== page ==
Mathematical models and computer simulations have been used to understand viral infections and immune response to those infections, including influenza type A viruses, which can cause severe human disease. Type A flu viruses are classified by differing versions of key proteins, hemagglutinin (H) and neuraminidase (N), on their outer surfaces that attract attention by the human immune system, but that are always changing. Thus, some forms of both seasonal flu and swine flu are designated H1N1 because of their related, but differing surface proteins. The "bird flu" virus that emerged in 2004 is designated as H5N1. The newest, much-publicised strain of H1N1 swine flu is believed to have caused deaths and hospitalisations because victims' immune systems did not recognise the latest variations in these surface proteins. Each year, seasonal flu causes approximately 36,000 deaths in this country for the same reason.
A team of immunologists, mathematical modellers, statisticians and software developers created the new model over three years within the Center for Biodefense Immune Modeling at the University of Rochester Medical Center. The project was led by Hulin Wu, Ph.D., principal investigator of the project, director of the Center for Biodefense Immune Modeling (CBIM) and division chief of the Department of Biostatistics and Computational Biology, and by Martin S. Zand, M.D., Ph.D., co-director of the CBIM. The work was funded by the National Institute of Allergy and Infectious Diseases (NIAID), part of the National Institutes of Health, and the U.S. Department of Energy.
"High-speed, accurate computer simulation tools are urgently needed to dissect the relative importance of each attribute of viral strains in their ability to cause disease, and the contribution of each part of the immune system in a successful counterattack," said Zand. "Real world experiments simply cannot be executed fast enough to investigate so many complex surprises, and we must keep pace with viral evolution to reduce loss of life."
The human immune system is composed of two major branches. The innate system provides immediate protection against bacteria, viruses and other microbes. The second aspect is the more time-consuming, precise and thorough adaptive immune system pumps out vast numbers of immune cells on the hope that one will have the right receptor protein to link up with, and become activated by, any invader encountered. When this occurs, the immune cell expands into an army of clones specifically selected to attack that organism. Workhorses of the adaptive system include "killer" T cells that attack cells that have been infected by viruses before the virus can turn them into virus factories, and helper T cells that orchestrate other parts of the immune response. Both types of T cells are spurred into action by antigen-presenting cells, which engulf the invading microbes and "show" them to the T cells so that the T cells can recognise the infection. In lymph nodes, helper T cells, in turn, cause the second major player in the adaptive response, the B cell, to start mass-producing antibodies, proteins that glom onto and eliminate them from the body.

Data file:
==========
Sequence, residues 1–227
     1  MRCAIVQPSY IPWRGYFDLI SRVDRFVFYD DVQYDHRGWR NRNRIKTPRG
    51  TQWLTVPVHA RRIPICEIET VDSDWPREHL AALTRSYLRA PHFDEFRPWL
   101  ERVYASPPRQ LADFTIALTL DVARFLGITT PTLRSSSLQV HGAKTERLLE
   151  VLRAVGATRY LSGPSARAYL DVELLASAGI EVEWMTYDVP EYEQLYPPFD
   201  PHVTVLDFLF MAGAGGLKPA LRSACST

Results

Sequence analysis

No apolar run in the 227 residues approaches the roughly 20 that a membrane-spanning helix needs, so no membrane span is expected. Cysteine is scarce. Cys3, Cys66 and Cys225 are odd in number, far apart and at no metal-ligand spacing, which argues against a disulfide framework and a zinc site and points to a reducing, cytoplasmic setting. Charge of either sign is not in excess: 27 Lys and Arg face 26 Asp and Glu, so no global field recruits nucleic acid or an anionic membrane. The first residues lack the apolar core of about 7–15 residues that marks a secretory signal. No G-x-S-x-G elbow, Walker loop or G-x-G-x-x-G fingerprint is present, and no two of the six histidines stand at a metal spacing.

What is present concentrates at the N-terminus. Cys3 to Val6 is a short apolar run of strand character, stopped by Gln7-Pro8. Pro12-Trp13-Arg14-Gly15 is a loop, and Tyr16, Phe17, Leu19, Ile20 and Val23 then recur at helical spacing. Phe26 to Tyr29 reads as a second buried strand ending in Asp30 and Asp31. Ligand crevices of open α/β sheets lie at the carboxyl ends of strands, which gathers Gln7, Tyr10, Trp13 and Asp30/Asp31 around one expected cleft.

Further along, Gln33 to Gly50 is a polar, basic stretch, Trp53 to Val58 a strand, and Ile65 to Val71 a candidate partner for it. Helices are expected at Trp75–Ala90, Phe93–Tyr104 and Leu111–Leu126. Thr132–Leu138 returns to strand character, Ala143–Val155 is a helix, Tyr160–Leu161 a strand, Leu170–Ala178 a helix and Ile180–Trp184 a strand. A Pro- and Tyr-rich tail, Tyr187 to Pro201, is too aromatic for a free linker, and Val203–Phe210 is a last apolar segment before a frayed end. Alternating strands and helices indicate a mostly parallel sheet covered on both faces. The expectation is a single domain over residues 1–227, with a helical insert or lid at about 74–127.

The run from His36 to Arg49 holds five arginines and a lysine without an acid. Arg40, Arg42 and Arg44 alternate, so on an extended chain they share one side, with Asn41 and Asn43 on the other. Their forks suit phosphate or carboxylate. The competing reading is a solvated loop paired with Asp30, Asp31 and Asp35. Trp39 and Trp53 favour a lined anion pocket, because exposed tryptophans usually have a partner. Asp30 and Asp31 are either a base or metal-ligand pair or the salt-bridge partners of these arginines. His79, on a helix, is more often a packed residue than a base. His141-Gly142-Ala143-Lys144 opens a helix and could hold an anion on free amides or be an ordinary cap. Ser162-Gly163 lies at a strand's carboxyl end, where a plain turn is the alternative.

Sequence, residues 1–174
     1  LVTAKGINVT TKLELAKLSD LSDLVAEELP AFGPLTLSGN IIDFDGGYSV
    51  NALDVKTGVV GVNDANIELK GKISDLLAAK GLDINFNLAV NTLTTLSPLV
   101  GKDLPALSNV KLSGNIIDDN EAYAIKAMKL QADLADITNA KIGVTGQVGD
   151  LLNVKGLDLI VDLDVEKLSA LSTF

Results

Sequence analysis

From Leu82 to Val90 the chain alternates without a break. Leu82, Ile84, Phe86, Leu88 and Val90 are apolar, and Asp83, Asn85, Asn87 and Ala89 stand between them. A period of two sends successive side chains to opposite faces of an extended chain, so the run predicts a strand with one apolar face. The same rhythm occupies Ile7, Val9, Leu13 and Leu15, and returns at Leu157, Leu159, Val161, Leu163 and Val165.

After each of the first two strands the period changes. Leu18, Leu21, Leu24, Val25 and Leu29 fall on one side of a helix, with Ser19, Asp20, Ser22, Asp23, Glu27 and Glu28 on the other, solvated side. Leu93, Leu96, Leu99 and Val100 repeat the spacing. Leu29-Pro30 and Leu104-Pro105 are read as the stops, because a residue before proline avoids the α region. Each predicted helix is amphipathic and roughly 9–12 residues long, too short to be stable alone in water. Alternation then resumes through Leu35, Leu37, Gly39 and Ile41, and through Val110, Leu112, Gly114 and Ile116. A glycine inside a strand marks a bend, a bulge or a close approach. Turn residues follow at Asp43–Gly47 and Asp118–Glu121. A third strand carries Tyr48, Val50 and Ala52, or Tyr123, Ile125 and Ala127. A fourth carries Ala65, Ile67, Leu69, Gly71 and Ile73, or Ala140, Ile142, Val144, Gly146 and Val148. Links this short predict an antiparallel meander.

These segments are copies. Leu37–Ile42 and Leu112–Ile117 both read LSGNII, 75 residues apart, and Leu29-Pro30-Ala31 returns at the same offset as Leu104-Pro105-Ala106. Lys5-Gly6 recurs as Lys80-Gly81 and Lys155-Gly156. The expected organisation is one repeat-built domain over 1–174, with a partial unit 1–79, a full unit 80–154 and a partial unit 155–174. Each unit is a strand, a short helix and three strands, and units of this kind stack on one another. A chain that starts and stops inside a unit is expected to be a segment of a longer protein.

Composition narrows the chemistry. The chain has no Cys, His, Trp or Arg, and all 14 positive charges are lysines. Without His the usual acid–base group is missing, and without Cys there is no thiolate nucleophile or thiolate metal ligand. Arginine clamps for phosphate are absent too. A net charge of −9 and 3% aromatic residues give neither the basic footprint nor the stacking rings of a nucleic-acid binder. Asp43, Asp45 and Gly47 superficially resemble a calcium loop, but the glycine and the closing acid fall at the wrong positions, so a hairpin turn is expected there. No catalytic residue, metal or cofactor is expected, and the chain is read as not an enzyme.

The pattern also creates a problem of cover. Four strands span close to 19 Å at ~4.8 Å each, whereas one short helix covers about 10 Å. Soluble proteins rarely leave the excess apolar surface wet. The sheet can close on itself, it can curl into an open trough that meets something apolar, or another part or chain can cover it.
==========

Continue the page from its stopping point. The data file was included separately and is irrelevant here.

The new model predicts how rapidly the T and B cells respond to influenza type A virus infection. For the purposes of the simulation, the model set aside the role of the innate immune system, but the researchers plan to add that aspect to future simulations. Depending on the pathogen at hand and a given patient's past exposure, either T cell or B cell responses may play a larger role in clearing the virus. One cell type may lead the immune counterattack in a person with a first-time infection, and another in a patient who has been infected before or vaccinated.
T cells partner with dendritic cells to make careful decisions about which key pieces of viruses will trigger a full-scale immune counterattack. Dendritic cells roam the body, checking each particle they come across for a self or invader "label." Upon encountering an invader, a dendritic cell will "swallow it," cut it up, and carry the pieces to the nearest lymph node. Once there, proteins inside the dendritic cell "present" protein fragments of the virus on the cell's surface for consideration by T cells gathered there. Once activated by high enough levels of target protein fragment, T cells become capable of destroying the virus.